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Forget serverless backup; forget NDMP. Forget all those fancy-shmancy backup schemes. For most IT shops, backup still happens the old-fashioned way: from the host to a direct-attached standalone tape drive.
Increasingly, though, the price for low-end backup devices is putting automation within reach of smaller shops.
Take for example, the new LIB-81 StorStation from Sony: equipped with a single AIT drive and up to eight cartridges, the 1U device holds up to 2.08TB, and has data transfer rates of up to 112.3GB, starting at $4,500.
Today's small libraries can provide over a week's worth of unattended backup, says Fara Yale, chief analyst at Gartner's computer storage service, and should "pique the interest of many companies looking to upgrade from a standalone storage solution."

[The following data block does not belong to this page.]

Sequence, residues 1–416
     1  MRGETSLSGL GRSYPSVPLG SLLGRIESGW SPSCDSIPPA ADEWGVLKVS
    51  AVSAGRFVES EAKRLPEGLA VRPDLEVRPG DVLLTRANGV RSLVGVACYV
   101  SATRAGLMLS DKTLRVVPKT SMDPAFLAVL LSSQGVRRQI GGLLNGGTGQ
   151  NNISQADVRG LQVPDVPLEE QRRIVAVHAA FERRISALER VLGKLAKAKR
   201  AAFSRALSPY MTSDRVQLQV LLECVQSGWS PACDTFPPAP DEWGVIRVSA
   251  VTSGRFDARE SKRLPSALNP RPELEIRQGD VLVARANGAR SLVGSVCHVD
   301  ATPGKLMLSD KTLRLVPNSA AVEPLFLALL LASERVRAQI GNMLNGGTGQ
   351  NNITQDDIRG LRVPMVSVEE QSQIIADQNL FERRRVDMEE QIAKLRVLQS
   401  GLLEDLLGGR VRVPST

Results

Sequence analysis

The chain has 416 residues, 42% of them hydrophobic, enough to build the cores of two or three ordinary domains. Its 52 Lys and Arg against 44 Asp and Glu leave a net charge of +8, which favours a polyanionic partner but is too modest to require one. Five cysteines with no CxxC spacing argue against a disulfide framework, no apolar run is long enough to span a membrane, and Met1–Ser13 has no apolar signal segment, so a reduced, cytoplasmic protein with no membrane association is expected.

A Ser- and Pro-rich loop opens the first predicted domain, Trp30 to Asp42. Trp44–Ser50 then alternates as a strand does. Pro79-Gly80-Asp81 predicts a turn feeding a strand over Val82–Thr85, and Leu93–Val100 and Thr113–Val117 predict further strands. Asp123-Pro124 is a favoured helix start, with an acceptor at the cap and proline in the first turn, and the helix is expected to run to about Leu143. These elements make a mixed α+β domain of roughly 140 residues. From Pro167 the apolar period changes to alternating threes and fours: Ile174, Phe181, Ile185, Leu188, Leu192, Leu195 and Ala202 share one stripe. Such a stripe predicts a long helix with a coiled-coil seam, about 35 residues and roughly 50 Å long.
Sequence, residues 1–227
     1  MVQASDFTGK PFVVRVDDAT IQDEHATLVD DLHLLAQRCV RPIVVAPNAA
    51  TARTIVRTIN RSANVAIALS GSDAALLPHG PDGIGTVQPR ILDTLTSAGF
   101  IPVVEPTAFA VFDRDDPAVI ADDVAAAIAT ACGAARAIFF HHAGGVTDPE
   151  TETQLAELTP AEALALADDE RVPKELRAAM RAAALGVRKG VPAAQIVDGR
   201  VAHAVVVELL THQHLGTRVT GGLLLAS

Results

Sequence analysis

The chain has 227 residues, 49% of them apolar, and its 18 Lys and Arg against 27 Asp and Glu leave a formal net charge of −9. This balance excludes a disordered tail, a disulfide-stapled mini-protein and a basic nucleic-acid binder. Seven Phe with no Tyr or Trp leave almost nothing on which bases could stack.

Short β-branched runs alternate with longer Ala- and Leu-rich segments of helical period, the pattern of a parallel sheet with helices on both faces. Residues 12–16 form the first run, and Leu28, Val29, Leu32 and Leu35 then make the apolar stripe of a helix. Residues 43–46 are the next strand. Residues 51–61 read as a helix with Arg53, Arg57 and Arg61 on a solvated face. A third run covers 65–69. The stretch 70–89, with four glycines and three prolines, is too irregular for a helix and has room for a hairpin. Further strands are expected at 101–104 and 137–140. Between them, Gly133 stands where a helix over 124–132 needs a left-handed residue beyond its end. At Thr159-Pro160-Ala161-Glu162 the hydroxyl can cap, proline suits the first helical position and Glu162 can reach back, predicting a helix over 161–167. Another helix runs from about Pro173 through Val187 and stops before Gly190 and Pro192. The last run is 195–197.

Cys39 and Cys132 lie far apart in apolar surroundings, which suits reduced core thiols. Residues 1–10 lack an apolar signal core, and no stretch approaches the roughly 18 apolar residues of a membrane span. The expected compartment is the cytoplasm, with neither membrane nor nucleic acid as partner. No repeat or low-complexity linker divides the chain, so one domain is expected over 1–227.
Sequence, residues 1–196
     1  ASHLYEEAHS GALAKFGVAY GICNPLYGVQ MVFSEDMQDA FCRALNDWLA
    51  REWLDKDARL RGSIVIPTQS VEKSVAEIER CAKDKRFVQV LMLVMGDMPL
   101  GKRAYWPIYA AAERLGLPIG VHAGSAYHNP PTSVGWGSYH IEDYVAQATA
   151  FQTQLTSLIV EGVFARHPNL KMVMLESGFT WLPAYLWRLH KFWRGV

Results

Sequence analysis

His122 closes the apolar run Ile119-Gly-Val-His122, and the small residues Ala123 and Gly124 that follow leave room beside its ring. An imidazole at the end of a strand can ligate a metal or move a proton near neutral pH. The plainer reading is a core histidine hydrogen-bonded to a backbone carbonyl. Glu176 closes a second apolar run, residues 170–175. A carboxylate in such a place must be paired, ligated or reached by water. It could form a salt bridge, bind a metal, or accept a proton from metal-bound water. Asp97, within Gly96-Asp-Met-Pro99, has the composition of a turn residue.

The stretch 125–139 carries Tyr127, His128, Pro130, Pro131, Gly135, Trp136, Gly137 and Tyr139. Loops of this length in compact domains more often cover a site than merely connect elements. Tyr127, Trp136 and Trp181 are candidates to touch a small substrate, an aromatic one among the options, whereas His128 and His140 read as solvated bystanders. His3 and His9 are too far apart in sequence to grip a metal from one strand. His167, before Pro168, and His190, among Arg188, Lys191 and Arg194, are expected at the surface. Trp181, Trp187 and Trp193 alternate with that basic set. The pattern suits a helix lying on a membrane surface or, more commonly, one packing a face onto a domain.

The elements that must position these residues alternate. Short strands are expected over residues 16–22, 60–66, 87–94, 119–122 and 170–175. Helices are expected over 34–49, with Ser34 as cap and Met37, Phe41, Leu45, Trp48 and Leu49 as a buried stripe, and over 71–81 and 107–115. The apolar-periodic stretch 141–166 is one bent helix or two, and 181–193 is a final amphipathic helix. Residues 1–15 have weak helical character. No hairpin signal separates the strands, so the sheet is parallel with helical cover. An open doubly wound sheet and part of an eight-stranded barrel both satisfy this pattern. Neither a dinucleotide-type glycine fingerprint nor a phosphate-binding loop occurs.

In a similar vein, Quantum has its new SuperLoader, a 2U deal that comes with either an SDLT or DLT1 drive. Both models come with either eight or 16 cartridges. Entry price for the DLT1 model is $4,999; the SDLT model starts at $6,500. Compaq also resells the DLT1 model.
But what matters most of all in the small to midsize backup market is ease-of-use, says John Pearring, president of STORServer Systems, which manufactures the S10000 Backup Appliance, an all-in-one backup server, backup software and tape library solution that starts at $19,900.
The notion of a backup appliance was born out of the company's experience installing Tivoli Storage Manger. "What became apparent
This was first published in June 2002